On these boiling hot afternoons it’s always nice to have a refreshing drink to cool you down, and sweet coconut water is the perfect choice.
These young coconuts have soft, jelly-like flesh inside are aptly named “jell-ay.” On the city streets of Sierra Leone, you’ll typically see a Jell-ay Man with a wheelbarrow stacked high with jell-ays and a machete in hand (or cutlass in Krio). The man will take his cutlass and hack away at the top of the coconut giving you an opening to drink the water. Once you’ve finished drinking, you hand the jell-ay back and he will scrape all of the flesh from inside, place it on the lid and pass it to you to eat. Or you can just buy the jell-ays as they are and take them home to open them yourself when you’re in the mood for one.
Yesterday was hot. The thermometer outside only ever seems to go in one direction. Up. Sweet coconut water sounded like an excellent idea to quench our thirst, thus Alastair got to be the Jell-ay Man for the day. He didn’t have a machete handy so he just used a butcher knife.
Apple was close by to watch what was going on. She had bust the fence of her new place, again, and had come to find us in the office to announce her most recent break-out. I think she was rather proud of herself, actually.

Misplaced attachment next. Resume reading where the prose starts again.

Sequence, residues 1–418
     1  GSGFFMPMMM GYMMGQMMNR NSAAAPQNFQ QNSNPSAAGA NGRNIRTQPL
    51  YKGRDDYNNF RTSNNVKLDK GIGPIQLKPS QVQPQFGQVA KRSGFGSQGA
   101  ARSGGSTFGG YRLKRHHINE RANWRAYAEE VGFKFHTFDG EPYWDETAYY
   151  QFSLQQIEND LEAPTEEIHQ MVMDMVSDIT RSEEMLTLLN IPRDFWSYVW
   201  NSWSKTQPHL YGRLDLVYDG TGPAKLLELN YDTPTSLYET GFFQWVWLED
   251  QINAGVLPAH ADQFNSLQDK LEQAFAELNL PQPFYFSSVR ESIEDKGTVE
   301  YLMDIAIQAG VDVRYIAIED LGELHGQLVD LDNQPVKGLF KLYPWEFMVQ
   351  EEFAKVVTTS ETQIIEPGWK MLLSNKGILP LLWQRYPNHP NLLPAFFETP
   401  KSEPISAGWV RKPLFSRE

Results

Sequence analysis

After drinking the fresh coconut water, Alastair cracked the whole thing open for the jelly flesh inside.
We scraped out most of it but the chickens enjoyed the leftovers.
And Apple decided it was a good time to take a nap.
However, Alastair and I needed to return to work and leaving Apple sleeping in the middle of the camp didn’t seem like a good idea, so we lured to her quarters with our secret weapon…
The most enormous cassava root known to man! (well, at least the biggest one I’ve ever seen)
And, with that, everyone was able to enjoy an afternoon snack :)